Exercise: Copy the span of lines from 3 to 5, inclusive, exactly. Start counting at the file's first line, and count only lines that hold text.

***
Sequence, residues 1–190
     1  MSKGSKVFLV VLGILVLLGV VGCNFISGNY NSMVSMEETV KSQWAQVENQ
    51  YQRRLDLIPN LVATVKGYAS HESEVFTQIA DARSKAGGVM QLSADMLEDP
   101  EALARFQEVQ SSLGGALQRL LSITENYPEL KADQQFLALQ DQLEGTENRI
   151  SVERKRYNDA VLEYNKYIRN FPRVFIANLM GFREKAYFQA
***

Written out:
    51  YQRRLDLIPN LVATVKGYAS HESEVFTQIA DARSKAGGVM QLSADMLEDP
   101  EALARFQEVQ SSLGGALQRL LSITENYPEL KADQQFLALQ DQLEGTENRI
   151  SVERKRYNDA VLEYNKYIRN FPRVFIANLM GFREKAYFQA